Frequently Assaulted Quotes
Catholicism(see also quotes specific to Mary and the Sacraments)
Purgatory quote #1: "But the idea of purgation, of cleansing as by fire seems to me inseparable from what the Bible teaches us of the Divine chastisements" (Life and Letters of Hort, Vol II., pg 336).
This quote is ripped entirely out of context, and is intended to make people think Hort believed in Purgatory. The full quote shows Hort is entirely opposed to Purgatory. I can only assume that whoever originally dug out this quote is either entirely incompetent or intentionally deceptive (I suspect the latter). This quote was part of a response letter to an undergrad student named H. Brinton, who had written to Hort (this was in 1886, when Hort was older and a well-known and well-respected author, preacher, and professor) asking him some questions about the Thirty-nine Articles which the Anglicans (and thus Hort) accept (the full Thirty-nine Articles can be read at the BELIEVE Religious Information Source and other places on the internet). The quote in question is in regards to Article XXII, which in entirety reads:
"The Romish doctrine concerning Pugatory, Pardons, worshipping and adoration as well of Images as of Relics, and also Invocation of Saint, is a fond thing vainly invented, and grounded upon no warranty of Scripture; but rather repugnant to the word of God."
The surrounding text of Hort's words are as follows (quote is bolded, relevant information is underlined):
Hort did NOT believe in Purgatory, as the original quote tries to convey, and in fact makes several strong statements against it. He was merely commenting on the general principle of chastisement.
Praying quote #1: "We agreed unanimously that we are, as things are now, forbidden to pray for the dead apart from the whole church in our public services. No restriction is placed upon private devotions (to pray for the dead)." (Life and Letters of Hort, Vol II., pg 349).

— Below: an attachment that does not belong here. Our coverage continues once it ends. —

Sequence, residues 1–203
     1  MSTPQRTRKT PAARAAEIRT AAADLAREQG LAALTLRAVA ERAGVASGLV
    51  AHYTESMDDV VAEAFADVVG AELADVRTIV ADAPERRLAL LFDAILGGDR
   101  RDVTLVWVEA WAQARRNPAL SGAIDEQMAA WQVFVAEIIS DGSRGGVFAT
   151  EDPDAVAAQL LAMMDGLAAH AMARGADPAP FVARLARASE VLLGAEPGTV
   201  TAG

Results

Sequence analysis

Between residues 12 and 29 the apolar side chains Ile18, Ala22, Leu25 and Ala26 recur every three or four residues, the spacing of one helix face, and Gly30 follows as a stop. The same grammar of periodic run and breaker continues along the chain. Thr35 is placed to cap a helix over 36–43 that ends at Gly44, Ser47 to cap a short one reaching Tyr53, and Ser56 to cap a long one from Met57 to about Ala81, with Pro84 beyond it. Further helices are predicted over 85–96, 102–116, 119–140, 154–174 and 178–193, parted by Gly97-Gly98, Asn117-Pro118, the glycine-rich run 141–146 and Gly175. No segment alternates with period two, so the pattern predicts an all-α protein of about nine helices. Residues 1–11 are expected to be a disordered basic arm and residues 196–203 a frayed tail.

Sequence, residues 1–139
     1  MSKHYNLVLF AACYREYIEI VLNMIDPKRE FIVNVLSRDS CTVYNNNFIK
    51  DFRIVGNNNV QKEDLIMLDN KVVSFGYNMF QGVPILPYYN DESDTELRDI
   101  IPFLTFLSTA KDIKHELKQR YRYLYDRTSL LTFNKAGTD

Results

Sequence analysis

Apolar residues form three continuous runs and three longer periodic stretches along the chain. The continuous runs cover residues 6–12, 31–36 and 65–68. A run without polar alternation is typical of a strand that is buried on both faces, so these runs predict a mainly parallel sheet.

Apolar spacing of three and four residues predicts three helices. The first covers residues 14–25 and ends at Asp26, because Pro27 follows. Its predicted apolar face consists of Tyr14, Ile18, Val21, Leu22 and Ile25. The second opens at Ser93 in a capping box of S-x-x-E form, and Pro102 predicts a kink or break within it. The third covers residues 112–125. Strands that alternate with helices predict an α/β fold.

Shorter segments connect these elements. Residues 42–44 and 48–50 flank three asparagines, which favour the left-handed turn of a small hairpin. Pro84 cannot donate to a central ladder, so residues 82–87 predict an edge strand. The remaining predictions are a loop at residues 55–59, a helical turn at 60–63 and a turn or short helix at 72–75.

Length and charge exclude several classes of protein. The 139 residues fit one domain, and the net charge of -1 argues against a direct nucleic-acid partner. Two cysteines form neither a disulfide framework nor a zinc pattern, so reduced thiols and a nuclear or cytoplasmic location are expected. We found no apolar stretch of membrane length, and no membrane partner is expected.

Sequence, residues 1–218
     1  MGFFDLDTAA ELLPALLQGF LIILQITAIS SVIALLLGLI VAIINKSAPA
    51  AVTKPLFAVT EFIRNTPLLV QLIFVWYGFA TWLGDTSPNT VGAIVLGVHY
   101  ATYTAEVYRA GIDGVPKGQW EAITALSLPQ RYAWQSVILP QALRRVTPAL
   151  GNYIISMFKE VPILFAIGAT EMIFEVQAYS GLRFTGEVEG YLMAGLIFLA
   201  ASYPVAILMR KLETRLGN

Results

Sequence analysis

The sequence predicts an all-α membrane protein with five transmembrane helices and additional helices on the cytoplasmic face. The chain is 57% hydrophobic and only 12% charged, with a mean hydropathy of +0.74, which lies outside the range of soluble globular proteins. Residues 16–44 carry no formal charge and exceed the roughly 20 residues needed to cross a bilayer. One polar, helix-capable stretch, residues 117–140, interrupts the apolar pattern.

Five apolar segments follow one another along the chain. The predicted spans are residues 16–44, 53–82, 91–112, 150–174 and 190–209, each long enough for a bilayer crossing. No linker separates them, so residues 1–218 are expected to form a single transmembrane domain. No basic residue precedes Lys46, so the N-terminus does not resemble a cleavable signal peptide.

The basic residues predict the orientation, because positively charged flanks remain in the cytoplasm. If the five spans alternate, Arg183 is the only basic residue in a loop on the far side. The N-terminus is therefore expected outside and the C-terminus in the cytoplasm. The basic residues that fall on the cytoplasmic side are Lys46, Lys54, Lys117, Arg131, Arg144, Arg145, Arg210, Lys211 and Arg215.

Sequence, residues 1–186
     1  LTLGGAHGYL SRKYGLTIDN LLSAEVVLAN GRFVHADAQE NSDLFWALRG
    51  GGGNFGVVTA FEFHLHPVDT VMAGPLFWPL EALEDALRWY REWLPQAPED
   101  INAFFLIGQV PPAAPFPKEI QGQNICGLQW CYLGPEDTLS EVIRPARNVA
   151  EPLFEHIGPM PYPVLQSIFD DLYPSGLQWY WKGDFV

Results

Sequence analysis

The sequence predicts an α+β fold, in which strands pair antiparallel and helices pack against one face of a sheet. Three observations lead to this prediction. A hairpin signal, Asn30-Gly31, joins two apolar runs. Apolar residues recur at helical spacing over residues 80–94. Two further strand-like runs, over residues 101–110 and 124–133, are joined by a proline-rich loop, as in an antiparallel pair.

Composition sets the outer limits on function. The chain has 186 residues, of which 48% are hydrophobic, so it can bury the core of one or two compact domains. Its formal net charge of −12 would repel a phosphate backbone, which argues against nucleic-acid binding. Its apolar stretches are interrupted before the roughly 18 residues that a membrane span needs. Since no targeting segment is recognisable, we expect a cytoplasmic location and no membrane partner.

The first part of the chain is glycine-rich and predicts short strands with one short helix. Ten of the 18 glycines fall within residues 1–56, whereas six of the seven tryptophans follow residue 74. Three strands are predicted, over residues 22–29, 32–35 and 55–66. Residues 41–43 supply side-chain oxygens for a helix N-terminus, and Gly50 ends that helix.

This quote comes from a private letter "to a clergyman". Westcott did NOT believe in prayers for the dead in the Catholic sense, but due to a recent controversy (as explained in the full quote below) Westcott was commenting on what the official stance of the (Anglican) church was (italics in original, quote bolded, relevant text underlined):
" My attention has been called to two notices in the Parish Magazine for August, p. ii : (1) that the Holy Eucharist will be specially offered on behalf [of the Christians massacred in China]; and again, (2) that the Holy Eucharist will be offered on behalf (of the Rev.----). You know, I am sure, that I am most anxious not to abridge in the least degree the liberty which our Church allows to her children ; but I cannot doubt that the thought conveyed, naturally, by the worlds which I have underlined is alien from her teaching . It is possible to put a meaning up them which can be reconciled with Anglican doctrine, but they cannot fail, in my opinion, both to mislead and to cause serious trouble to very many. When present controversies threatened to become serious, I considered very carefully, in conference with some other bishops of large knowledge and experience, the attitude of our Church with regard to prayers for the Dead. We agreed unanimously that we are, as things are now, forbidden to pray for the Dead apart from the whole Church in our public Services. No restriction is placed upon private devotions. The language is "with them we," "we and all Thy Church," "we with all those that are..." It is therefore, as far as I can judge, allowable to make a pause in the Prayer for the Church Millitant, when the congregation can remember those who are "in Christ". The subject is indeed one of greatest obscurity, and where Scripture is silent it is perilous to theorise. In fact, all that we know is summed up in the words "in Christ." In that unity there is an effective fellowship of life. I shall, of course, be ready to consider anything you may wish to say upon the subject, but I do not think that I have overlooked any point affecting the position of our own Church now. Have you used the phrase for any time? I have never noticed it before.
Westcott did not believe in prayers specificially to/for the dead, but did recognize that phrases like "we and all Thy Church" were not necessarily restricted to the Church Millitant (the church members still alive on earth, as opposed to the Church Triumphant, the church members dead and with Christ in heaven). In public, the Church forbid prayer to/for the dead except in vague phrases like that. He also recognized the Church had no control (and thus could not restrict) what was said in prayers by individiuals in their devotions.